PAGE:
Tuesday, July 28, 2015
How to get my infant to talk: Tip #7!
It's Tip Tuesday and since I receive questions about facilitating and eliciting language in very young children often from parents all over the world I thought I'd do a series offering tips and techniques I have done (and still do) with my own kiddos to get them talking! You will notice there will be very few speech pathology terms used here as the goal of this series is to speak directly to parents. However this information can be used by SLPs, early interventionists, or early childhood educators as well. These tips are targeted for children 0-3 yrs (or cognitive equivalent).
Tip #7 (here's Tip #6):
Use Music. Music can be a GREAT way to introduce new vocabulary as well as keep your child entertained. So what do I do, just play children's CDs? Well children CDs are great and I recommend playing them for your children, but I also recommend taking the time to sing these familiar children's songs to your child for a number of reasons. Firstly, you can sing as fast or as slowly as your child requires to aid in his/her understanding of the language. Secondly, you can repeat favorite songs or songs your child does not seem to understand often in order to improve his/her comprehension of various language concepts. Thirdly, you can use hand motions or props to aid your child's understanding.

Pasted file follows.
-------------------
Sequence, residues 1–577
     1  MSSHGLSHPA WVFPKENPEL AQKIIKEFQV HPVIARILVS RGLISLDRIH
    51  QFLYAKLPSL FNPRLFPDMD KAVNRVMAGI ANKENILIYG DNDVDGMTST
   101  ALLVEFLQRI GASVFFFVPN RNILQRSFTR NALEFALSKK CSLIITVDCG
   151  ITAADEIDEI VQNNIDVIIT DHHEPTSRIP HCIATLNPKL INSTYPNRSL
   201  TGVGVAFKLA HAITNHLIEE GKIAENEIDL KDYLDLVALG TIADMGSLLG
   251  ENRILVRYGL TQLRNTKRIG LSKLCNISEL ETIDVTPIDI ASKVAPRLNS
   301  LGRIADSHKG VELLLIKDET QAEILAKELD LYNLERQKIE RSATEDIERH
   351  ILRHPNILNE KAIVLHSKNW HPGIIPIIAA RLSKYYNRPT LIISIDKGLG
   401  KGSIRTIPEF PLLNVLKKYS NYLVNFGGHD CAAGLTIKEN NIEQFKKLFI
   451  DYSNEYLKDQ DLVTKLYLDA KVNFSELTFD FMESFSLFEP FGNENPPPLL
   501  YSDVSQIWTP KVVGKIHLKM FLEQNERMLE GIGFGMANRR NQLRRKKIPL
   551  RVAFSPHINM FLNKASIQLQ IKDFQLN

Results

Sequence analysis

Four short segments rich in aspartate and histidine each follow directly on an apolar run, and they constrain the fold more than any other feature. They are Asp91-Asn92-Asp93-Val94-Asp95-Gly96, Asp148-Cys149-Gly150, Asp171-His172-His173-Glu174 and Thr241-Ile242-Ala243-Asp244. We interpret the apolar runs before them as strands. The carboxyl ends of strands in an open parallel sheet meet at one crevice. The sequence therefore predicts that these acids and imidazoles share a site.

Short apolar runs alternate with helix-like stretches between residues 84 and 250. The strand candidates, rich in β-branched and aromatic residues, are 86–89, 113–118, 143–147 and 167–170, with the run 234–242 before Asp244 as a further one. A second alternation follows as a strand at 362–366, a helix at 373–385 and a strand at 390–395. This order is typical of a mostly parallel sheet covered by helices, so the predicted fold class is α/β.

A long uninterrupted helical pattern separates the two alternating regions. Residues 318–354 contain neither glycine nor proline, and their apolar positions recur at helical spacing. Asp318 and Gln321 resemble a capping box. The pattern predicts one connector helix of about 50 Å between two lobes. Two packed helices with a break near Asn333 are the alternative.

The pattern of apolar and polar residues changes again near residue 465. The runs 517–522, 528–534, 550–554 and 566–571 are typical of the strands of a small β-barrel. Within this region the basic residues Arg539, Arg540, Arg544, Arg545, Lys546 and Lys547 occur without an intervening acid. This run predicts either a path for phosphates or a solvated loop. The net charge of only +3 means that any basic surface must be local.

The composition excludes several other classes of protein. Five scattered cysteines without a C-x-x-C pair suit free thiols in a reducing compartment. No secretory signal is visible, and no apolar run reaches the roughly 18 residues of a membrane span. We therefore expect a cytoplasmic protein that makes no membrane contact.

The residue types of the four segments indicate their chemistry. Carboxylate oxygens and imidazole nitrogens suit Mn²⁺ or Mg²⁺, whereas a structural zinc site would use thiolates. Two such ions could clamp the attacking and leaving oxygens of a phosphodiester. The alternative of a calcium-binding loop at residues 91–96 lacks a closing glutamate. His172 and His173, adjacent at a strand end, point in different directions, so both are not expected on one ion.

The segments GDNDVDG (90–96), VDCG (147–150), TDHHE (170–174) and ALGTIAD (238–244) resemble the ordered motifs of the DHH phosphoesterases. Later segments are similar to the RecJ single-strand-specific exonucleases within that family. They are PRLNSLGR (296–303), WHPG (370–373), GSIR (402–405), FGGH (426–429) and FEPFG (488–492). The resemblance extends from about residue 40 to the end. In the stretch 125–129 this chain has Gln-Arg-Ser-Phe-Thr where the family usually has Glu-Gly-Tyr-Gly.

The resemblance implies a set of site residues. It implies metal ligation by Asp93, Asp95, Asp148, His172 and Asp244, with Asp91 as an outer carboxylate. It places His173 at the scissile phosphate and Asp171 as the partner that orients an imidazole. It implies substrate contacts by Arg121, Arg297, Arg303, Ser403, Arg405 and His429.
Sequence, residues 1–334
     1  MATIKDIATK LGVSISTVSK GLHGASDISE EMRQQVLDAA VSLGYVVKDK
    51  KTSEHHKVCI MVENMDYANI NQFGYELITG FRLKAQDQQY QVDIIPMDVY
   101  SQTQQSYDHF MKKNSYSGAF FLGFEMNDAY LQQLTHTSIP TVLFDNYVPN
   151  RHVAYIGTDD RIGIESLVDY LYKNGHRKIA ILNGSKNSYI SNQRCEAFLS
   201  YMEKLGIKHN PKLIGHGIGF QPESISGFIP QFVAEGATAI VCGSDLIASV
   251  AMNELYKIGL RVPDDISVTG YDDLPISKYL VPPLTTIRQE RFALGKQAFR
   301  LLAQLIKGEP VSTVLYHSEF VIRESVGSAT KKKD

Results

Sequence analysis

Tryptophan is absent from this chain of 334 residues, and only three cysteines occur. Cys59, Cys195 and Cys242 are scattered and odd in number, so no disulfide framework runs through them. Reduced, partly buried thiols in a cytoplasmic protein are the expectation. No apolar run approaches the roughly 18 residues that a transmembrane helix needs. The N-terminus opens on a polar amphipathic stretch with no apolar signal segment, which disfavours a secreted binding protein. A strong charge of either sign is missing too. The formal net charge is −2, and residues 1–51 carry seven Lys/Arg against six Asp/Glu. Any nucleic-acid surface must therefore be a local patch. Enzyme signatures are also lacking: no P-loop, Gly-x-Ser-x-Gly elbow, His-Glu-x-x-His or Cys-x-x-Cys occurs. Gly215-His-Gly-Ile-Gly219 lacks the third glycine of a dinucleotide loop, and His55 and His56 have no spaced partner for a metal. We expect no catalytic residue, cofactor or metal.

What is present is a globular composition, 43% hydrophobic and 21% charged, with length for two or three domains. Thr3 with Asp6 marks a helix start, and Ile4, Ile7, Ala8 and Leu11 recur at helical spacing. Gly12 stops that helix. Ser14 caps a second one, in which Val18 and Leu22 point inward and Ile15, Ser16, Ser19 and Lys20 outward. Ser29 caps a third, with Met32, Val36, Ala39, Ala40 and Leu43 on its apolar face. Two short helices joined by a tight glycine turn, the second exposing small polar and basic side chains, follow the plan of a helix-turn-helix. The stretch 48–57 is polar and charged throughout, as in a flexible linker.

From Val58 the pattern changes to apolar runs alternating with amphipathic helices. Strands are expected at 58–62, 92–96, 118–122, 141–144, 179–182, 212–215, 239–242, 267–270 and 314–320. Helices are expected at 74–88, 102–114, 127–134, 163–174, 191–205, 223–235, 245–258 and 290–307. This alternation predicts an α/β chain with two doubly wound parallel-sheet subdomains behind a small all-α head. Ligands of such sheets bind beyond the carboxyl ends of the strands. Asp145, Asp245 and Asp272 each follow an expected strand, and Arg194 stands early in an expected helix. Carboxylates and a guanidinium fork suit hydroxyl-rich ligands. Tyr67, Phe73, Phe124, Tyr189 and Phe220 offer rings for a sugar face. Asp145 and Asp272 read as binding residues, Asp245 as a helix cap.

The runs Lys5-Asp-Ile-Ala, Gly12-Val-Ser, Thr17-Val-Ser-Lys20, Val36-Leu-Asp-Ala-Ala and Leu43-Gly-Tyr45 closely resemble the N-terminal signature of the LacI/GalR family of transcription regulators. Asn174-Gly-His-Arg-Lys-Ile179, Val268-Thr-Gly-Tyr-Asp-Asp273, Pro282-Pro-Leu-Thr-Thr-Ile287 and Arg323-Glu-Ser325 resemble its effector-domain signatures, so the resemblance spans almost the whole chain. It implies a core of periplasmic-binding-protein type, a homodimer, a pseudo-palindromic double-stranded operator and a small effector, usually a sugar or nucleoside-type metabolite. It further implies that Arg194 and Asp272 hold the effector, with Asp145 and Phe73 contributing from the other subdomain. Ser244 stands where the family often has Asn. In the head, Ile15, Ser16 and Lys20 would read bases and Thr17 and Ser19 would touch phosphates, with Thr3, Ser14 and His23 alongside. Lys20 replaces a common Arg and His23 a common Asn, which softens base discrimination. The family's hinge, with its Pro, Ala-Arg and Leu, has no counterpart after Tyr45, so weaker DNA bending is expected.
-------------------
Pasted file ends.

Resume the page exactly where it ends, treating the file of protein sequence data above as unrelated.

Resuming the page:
Dancing is just fun and adds some great gross motor input to the activity. Some children (my oldest is like this) improve attention, memory and retention skills simply involving another part of the brain (i.e. motor cortex). Simply by adding some dance moves (carrying baby and dancing with him/her or if your baby can stand, having him/her bounce up and down) and/or finger plays along with music, your child's attention and motivation to participate in music play may improve.
Rhythm play is simply finding ways you can clap, bang on drums, shake rattles, tambourines, or rainsticks etc. to the beat of the music when you sing or play the CDs. Rhythm play is a great way to incorporate development of prosody to your child's play.
How can music help my baby talk? Well, singing is a great way to encourage various pitch and sound productions. Simply singing parts of "Old MacDonald" your baby will be encouraged to produce long vowels "E, I, O" as well as animal sounds. By reciting the Alphabet song, your child will be developing his/her ability to recall letters. By singing "Apples and Bananas" your child can begin to play with various vowels within the same surrounding consonant combinations as speech develops.
Tip: When using music, I recommend paying attention to the songs your baby seems to enjoy the most and be sure to repeatedly sing them over for days and even weeks. As long as your baby is still enjoying the song, keep signing it. If your baby is not attempting to hum, vocalize or imitate sounds while you sing, try slowing down and singing at a much slower pace. You may just be singing too quickly for your baby to keep up. You can also use the delayed response technique, where you sing the first line and second line of a familiar song without singing the last word, then wait expectantly to let your baby know it's time for him/her to vocalize for you to continue singing.
Why does it work? Not all children learn the same way so adding music, dancing, and even some rhythm play can have positive effects on language development, speech production and prosody.
Check out Tip #8 here!
Happy taking and singing!